Carpal tunnel syndrome (CTS) is a very common condition which puts pressure on the median nerve in your wrist. This causes tingling, numbness, and often a pain in the hands and fingers.
The median nerve controls some of the muscles in the hand that move the thumb. It also passes signals back to the brain about sensations in the hand. The carpal tunnel is a narrow passage in your wrist made up of small bones and tissue, used in the process of bending the fingers and thumb.
Statistically, women are more likely to develop CTS than men and while it affects people of all ages, it’s more common in middle-aged to older age groups.
What are the Symptoms of Carpal Tunnel Syndrome?
- Tingling in the hands/fingers
- Numb hands/fingers
- Weak grip
- Dull ache/pain in the hand, fingers or arm
- Hand cramps.
The symptoms of CTS can often appear gradually over the course of a few weeks, before hitting their peak levels. It’s also common for symptoms to get worse towards night time and they are often bad enough to disrupt sleep.
What Causes Carpal Tunnel Syndrome (CTS)?
As stated earlier, Carpal Tunnel Syndrome causes a compression of the median nerve (which controls sensation and movement in the hands), resulting in various sensations ranging from tingling/pins and needles to a dull aching pain throughout the hand. Unfortunately, in a lot of cases, it’s not known what causes the median nerve to become compressed, however, there are certain factors commonly associated with an increase in the rate of occurrence:
- Pregnancy: As many as 50% of pregnant women have been shown to develop CTS.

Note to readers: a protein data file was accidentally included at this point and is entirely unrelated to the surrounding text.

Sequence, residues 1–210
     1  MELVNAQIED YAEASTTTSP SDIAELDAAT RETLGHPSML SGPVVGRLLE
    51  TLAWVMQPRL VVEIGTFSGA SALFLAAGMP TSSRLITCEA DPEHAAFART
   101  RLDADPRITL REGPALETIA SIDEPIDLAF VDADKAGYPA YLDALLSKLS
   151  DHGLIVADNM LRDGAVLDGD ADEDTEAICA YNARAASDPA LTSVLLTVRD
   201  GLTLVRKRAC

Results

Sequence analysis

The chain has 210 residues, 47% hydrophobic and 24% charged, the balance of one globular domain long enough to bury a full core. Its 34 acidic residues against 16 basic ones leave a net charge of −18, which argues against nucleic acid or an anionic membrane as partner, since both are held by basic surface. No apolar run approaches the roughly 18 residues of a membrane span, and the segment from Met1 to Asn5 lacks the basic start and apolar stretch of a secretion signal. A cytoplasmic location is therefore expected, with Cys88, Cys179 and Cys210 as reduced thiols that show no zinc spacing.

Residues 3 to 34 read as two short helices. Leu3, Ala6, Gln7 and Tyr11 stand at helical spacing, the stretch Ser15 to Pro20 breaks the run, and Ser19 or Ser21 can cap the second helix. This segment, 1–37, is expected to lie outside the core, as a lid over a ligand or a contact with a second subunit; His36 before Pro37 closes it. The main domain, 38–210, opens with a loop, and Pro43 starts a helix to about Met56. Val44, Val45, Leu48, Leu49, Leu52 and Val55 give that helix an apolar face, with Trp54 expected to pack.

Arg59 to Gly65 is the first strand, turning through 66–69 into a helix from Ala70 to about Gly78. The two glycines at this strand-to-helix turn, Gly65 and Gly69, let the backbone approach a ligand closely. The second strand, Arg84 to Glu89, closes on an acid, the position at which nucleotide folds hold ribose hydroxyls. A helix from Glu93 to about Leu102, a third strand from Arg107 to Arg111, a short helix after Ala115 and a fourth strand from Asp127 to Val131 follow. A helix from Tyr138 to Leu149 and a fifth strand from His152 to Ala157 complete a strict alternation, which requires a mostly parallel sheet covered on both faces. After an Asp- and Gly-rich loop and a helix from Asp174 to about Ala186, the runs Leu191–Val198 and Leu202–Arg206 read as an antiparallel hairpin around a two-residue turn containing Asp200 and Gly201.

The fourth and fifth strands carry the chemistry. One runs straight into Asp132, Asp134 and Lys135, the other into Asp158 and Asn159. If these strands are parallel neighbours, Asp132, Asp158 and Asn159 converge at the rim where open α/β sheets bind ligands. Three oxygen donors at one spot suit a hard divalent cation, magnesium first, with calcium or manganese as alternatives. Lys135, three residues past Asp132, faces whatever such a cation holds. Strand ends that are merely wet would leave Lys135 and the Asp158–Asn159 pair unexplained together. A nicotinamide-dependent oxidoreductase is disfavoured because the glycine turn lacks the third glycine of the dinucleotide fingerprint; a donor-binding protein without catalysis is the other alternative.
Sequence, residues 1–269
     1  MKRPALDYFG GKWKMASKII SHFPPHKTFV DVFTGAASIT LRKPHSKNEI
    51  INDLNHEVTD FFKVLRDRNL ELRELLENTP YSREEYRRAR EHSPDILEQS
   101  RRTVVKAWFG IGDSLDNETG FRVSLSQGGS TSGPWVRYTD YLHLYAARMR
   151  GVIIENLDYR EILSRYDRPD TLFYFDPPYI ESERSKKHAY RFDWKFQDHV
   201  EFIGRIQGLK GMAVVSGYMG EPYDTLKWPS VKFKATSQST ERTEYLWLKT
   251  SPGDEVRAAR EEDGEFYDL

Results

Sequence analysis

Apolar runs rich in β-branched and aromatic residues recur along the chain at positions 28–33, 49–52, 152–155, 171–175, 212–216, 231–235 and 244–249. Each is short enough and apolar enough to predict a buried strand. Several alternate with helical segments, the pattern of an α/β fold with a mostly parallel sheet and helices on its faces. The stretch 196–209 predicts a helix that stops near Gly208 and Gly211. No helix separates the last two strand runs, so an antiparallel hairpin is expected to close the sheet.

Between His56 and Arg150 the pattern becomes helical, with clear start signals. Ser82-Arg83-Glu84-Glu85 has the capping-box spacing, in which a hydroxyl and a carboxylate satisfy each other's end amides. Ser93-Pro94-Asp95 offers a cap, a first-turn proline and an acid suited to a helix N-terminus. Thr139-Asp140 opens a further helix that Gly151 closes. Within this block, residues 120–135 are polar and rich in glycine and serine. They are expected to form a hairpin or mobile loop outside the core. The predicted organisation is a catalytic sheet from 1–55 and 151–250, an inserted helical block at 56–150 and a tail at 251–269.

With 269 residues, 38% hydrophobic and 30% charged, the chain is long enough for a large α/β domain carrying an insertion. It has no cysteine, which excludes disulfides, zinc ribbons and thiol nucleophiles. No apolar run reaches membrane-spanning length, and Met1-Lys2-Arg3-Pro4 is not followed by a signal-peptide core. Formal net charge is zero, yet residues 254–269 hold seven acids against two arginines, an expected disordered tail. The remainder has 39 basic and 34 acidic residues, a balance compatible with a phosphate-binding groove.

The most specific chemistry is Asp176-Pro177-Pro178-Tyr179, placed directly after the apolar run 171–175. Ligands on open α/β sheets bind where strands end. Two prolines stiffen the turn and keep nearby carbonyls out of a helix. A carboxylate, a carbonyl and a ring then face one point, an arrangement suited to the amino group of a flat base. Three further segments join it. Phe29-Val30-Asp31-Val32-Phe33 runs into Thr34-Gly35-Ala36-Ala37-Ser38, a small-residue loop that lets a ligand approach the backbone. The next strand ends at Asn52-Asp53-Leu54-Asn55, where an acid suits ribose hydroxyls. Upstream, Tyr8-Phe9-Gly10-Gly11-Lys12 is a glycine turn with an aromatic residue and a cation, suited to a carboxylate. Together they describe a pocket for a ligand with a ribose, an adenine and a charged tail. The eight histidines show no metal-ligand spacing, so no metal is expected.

- Wrist injuries: Sprains, strains, fractures etc.
- Arthritis: Any form of joint inflammation in the wrist as a result of arthritis can cause additional pressure on the median nerve.
- Repetitive work or motions with the hands and wrists.
- Regular use of power tools or heavy vibrating machinery.
- An underactive thyroid gland
Treating Carpal Tunnel Syndrome
With many potential causes for CTS, there are a few different treatment options that can be offered and tailored to each individual case.
- A resting splint (often effective for people with CTS caused by a previous wrist injury and used commonly for those experiencing more severe symptoms throughout the night).
- A working splint (effective if your symptoms are brought on by specific activities).
- Steroid injections: Some doctors may offer steroid injections which can be effective in the short term, however, the effect usually wears off within a few weeks. The steroid is usually injected into the carpal tunnel with the aim of reducing swelling.
- The Magnopulse Arm Wrap: Swelling within the wrist or forearm area puts additional pressure on the median nerve and triggers CTS symptoms. Studies have shown how effective the Magnopulse arm wrap can be in regards to reducing swelling. Wearing a magnetic band in close proximity to the problem area can be used to significantly reduce and often eliminate any further CTS symptoms from occurring. The Magnopulse arm wrap is small and compact, therefore suitable to wear throughout the whole day for those who suffer constantly. It can also be worn as and when required, for those who feel an onset at different times throughout the day.